I had Invited Rick up to spend the week end at my folks farm pat hunting and rabbits.
It was a bright beautiful Saturday morning when he arrived with the promise of Sunday being more of the same.
While he is enjoying a cup of coffee after the drive up from the Lansing area I make sandwiches. Mom had made fresh home made bread the day before figuring we would make sandwiches.
I finally finished up the sandwiches and filled the thermoses with coffee fresh brewed. Then we went out and drove about a mile to our wood lot where we would start our hunt.
Neither had a dog at this point we acted as our own dogs and not doing all that great of a job but passable.
First place we hit was a huge black berry patch just out side the woods in this case a birch grove. There were still a few black berries on the canes so the pats liked being there to clean up.
Heavy jeans are the ticket for tromping thru those briers with out ripping your legs off.
I had Rick work around to the far side of the patch then started my zig zag path thru there kicking up a couple groups getting a single from each group and Rick managed a couple as they flew past his stand.
Our next move was to walk a line thru the grove of birch trees about 150 yards thru. This area has grass nearly knew high to walk thru and several fallen birch trees perfect spot for rabbits.
This also one time when we still had cows was a favorite pasture spot for them.
We managed to kick a couple rabbits out one of which went into Ricks game bag. One lived a charmed life having came from under a log I kicked and promptly missed.
On the other side of the birch tree area is hard woods mostly Maple and a few Beech and a few Ash trees. We only went there to clean up any storm damaged trees as dad wanted them to expand naturally.
There are a few hemlock trees mixed in there where the pats like to go to dust them selves.
Pats as any one who lives in a area that has them and hunts them will tell you they can cause heart attacks to hunters with out dogs. They seem to be able to hide in the wide open then flush right under your nose nearly striking it as they flair up.
You really have to have self control so you do not go flock shooting. Took me years to learn that and pick a bird to swing on and shoot. I will not even pretend to know how many birds lived to see another day because I was flock shooting.
After the hard wood patch the property drops away down a hill with ferns nearly belly button high, scattered pine stumps still showing signs of the 1880(s) forest fire and thick popple trees from the clear cutting in the 1950’s.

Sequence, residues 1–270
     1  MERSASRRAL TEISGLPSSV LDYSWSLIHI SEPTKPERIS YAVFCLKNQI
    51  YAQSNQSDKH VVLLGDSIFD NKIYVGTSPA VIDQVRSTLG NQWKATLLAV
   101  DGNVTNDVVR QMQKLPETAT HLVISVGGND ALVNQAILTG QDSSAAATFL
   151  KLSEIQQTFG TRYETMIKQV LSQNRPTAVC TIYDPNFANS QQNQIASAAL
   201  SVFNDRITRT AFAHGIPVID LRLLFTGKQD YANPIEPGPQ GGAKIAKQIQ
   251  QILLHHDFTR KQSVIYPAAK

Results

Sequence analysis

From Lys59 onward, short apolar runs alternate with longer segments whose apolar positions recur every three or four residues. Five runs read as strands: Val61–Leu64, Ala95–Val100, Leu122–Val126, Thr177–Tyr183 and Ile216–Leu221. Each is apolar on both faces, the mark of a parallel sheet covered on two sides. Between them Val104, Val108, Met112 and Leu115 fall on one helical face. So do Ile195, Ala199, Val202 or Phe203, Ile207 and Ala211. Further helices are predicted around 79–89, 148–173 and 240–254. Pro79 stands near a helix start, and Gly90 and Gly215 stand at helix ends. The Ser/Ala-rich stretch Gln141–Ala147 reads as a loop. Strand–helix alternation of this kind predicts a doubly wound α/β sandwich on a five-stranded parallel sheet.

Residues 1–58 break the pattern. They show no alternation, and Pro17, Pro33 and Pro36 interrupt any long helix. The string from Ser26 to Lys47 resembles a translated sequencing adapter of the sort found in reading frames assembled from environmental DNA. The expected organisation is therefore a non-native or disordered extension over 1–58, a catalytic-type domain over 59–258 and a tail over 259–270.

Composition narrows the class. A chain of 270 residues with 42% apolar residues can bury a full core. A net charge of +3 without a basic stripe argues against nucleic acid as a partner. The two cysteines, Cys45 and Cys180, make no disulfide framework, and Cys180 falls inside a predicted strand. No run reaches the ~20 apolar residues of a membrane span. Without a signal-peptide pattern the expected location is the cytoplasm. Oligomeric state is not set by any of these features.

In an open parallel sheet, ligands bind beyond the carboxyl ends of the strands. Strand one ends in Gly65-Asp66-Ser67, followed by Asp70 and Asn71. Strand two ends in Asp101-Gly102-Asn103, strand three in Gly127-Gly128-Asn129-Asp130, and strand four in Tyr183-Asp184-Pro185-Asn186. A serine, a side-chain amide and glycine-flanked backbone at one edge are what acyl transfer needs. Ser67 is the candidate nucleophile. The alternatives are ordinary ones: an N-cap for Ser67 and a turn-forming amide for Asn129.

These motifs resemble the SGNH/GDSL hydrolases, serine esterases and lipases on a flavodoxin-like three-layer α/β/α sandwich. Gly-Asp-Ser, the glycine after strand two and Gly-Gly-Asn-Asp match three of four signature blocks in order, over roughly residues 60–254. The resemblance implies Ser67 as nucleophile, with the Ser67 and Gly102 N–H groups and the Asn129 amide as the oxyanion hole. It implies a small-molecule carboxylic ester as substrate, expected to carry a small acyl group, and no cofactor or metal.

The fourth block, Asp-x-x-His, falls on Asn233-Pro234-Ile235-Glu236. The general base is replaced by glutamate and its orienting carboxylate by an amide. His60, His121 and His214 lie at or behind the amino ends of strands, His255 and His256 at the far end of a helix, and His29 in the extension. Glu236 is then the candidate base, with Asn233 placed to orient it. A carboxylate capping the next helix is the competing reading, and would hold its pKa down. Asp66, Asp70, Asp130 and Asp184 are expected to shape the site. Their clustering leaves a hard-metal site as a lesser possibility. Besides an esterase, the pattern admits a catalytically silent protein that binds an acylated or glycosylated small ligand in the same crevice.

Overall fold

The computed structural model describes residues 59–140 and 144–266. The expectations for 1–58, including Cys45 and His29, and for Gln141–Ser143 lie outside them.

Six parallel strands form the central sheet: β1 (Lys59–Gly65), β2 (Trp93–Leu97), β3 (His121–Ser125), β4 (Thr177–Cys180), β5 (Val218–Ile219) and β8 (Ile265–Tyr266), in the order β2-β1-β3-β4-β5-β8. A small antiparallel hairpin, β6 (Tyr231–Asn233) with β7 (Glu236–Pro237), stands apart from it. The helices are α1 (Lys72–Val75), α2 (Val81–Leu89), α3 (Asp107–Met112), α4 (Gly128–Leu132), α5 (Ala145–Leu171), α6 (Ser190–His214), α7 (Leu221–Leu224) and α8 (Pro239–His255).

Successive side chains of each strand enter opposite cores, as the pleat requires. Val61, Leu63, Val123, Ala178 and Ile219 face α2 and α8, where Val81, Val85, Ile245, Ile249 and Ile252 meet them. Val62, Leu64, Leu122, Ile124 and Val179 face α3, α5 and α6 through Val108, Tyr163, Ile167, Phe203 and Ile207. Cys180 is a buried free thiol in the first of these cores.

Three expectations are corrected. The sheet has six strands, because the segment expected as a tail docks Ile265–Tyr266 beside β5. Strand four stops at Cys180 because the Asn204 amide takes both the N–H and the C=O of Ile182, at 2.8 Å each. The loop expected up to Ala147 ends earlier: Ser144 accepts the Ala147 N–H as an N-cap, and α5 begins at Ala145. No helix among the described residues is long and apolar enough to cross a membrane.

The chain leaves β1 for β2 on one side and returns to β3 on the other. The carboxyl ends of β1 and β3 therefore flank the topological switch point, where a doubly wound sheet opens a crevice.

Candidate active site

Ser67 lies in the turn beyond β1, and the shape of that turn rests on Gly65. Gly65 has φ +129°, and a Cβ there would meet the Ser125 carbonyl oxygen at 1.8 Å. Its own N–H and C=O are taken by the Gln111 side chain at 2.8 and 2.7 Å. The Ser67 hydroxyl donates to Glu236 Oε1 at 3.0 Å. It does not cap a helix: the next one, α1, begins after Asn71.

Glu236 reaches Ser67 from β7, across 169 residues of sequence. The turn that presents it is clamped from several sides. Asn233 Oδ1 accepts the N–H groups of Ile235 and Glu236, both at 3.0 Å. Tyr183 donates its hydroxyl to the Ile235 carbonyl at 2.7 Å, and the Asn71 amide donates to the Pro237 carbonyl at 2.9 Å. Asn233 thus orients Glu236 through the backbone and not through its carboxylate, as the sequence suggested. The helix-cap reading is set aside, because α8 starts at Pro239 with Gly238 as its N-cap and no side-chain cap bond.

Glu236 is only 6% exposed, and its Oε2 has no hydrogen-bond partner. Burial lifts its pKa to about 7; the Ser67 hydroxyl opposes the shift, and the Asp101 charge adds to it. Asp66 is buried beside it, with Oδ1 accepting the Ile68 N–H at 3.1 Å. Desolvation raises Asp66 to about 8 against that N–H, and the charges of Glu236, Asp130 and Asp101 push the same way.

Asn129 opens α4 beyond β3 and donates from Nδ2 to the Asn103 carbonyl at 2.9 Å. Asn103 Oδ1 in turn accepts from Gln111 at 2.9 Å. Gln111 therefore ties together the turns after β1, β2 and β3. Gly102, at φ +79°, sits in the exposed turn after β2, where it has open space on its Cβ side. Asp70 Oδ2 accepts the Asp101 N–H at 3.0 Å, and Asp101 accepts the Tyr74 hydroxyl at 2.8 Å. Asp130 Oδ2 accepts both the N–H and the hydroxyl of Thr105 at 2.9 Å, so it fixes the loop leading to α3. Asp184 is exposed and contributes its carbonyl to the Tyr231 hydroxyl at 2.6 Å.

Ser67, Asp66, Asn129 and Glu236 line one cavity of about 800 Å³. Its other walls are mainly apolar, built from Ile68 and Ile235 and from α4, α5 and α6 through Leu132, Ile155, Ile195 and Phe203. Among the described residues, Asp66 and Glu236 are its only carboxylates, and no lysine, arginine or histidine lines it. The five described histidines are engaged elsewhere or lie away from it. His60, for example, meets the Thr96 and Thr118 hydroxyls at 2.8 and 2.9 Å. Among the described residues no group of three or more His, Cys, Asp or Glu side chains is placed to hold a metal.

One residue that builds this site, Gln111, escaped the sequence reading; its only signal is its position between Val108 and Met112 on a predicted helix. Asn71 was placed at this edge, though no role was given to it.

I like hunting pats in this area after the leaves fall at the start of Oct.
Due to the thickness of the trees being able to swing is tough so being able to shoot where you hope for them to be rather than swing thru on them for a shot.
After you work thru that area there is a cedar swamp nearly all dead now after the beavers moved in about 10 years ago and flooded every thing. There is a trail my dad had cut thru there as payment for the right away for the logger to get behind our property.
Still another good area for rabbits and pats with the higher grass and trees fall by the beavers and left.
We were not burning fire wood any longer so we just never cleaned them up. We did not go back to burning fire wood again till the mid 1970’s.
By the time we finished working along the cedar swamp we came to the trail near the back line fence.
Walk that trail jumping a few more pats at sandy dusting areas then walked back up to the car for our sandwiches.
We cleaned the birds and rabbits then and put them on the cold packs in the cooler. After we finished lunch and took care of the game we walked back to the back line once again and decided to walk back even farther to the hill top over looking the huge beaver pond and a old logging camp clearing and decided would be a good place to set to give our legs a rest, maybe nap off and just talk about growing up and hunting.
Ricks family farm near Clare butted up to the tabbaco river where he would go trout fishing in the spring with an uncle and his mom. Said when spring came he would take me trout fishing on the river below us the beaver had damed up.
Finally after the rest we head to the clearing from the old 1800’s logging camp called camp13. It is even on the plat books till the 1980’s.
We make a line to the several wild apple trees around the camp as they have fallen and pats come there to fill up on a easy meal.
We get a few more there then head back to the folks wood lot. On the north side here and there there are small clearing made during the 1950 still used in the 1960’s as landing for pulp wood. Used to earn a nickel a log peeling bark off popple logs 8 feet long. Hard work for a young kid but spending money a plenty if you kept the draw knife sharp and worked.
Funny I still have that draw knife after all those years.
Even had the buck my dad made for me till the late 1990’s.
Small Game Hunting, Stories and Pictures
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